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Is America a victim of its own success? This New York Times writer thinks so

A Q&A with New York Times op-ed columnist Ross Douthat

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In this photo taken Wednesday, June, 29, 2010, a woman text messages while walking across the street in San Francisco. While using a cellphone while driving has triggered the most alarm bells and prompted laws in several states, experts say pedestrians are also suffering the consequences of mobile distraction, tripping on curbs, walking into traffic, even stepping into manholes as they chat or type while walking.

Ben Margot, Associated Press

SALT LAKE CITY — Imagine the reaction of an American from the 1900s being plucked from his farm and dropped in the middle of an average 1960s neighborhood. 

The landscape would have been mind-blowing: television, automobiles, the polio vaccine — life completely reshaped by waves of technological advances and dynamic creativity.

Yet, fast forward another 60 years from 1960 to 2020 and it wouldn’t be so shocking. 

Cars are faster but we’re still driving on the road — not flying.

Medical breakthroughs have helped millions — but we haven’t cured cancer.

Though the world seems to be changing at a dizzying speed, what if our frenetic activity of the last several decades is more illusion than progress? What if political gridlock and dwindling birth rates are jamming the gears so effectively that the entire nation is filled with “simmering discontent?”

That’s the argument of Ross Douthat, a New York Times op-ed columnist, in his new book, “The Decadent Society: How We Became the Victims of Our Own Success.”

Decadence, as Douthat explores it, refers to the stalling and stagnating of an advanced nation, spinning in circles rather than forging ahead.

The Deseret News chatted with Douthat about what this “comfortable disease” means for society, families and the future. 

This interview has been edited for length and clarity.


Ross Douthat is a New York Times columnist and the author of “The Decadent Society.”

Josh Haner, The New York Times

Deseret News: Your new book is about decadence, which you explore in four categories: stagnation — both technological and economic; sterility — the falling birth rate; sclerosis — the painful functioning of our institutions; and finally, cultural repetition — our lack of creativity and ingenuity. How do these categories relate to each other?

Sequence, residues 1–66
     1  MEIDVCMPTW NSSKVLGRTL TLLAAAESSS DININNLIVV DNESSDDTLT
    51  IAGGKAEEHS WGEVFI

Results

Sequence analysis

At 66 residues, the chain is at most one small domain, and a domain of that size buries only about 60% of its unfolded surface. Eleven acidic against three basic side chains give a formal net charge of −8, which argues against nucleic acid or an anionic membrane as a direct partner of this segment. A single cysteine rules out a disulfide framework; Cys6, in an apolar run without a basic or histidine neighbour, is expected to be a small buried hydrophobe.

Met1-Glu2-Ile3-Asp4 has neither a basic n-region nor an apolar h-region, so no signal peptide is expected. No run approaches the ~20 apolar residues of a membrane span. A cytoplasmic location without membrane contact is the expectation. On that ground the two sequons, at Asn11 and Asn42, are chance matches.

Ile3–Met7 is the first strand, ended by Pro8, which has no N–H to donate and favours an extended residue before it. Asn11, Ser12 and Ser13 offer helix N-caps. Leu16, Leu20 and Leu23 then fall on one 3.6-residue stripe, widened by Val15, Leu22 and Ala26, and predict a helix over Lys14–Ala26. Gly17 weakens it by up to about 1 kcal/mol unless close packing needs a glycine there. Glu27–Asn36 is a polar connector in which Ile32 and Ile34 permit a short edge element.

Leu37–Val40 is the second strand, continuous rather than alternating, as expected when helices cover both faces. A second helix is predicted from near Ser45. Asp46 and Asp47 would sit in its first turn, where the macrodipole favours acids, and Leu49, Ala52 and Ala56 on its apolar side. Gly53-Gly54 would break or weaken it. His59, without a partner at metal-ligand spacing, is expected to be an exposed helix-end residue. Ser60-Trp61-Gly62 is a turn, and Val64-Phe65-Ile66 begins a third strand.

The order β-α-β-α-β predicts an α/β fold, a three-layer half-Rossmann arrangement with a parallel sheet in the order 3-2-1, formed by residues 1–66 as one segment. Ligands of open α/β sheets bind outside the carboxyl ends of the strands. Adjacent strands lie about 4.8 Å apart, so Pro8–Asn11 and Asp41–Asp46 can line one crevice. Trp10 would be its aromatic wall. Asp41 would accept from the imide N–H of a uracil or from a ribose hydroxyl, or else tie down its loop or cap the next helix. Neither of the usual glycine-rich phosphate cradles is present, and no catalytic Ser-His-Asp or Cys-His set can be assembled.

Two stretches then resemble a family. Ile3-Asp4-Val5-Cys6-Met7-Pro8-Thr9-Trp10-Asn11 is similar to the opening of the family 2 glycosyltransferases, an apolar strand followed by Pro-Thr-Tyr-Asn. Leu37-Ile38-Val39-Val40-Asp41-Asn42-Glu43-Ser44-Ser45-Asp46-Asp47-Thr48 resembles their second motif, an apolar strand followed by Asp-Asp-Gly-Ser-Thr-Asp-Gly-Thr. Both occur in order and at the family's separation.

Ross Douthat: There’s a deep entanglement between all of these forces. This is why decadence is hard to escape — you can’t single out one zone of reform and say, “Well, we need to do these three things in our politics and the rest of the society will get back on a firmer footing.” That said, you have these feedback loops, an economic slowdown makes people more pessimistic, and more skeptical of their government, which makes it harder for the government to institute reforms that might get you out of the economic slowdown, which discourages them from having kids because they’re concerned about the future. That slows economic growth further. We have a lot of different forces, an aging society with a gridlocked political system that are sort of piled on top of one another, which can make it hard to reform and escape.

DN: Are there places where the average American can point to and say, yep, that’s decadence right there?

RD: Washington, D.C., is a system that is, to use the subtitle of the book, a victim of its own success. It’s incredibly hard to do things in Washington, D.C. The last major piece of legislation, depending on how you count it, was either the Trump tax cuts, which were eventually just a version of the same kind of tax cuts Republicans always pass, and before that, the Obama health care bill, which passed 10 years ago and we still argue about it — nobody thinks it fixed the system. It’s been decades since we had a real deal to reduce the deficit, a comprehensive immigration policy, welfare reform and so on. All of these big political achievements, increasingly belong to the past.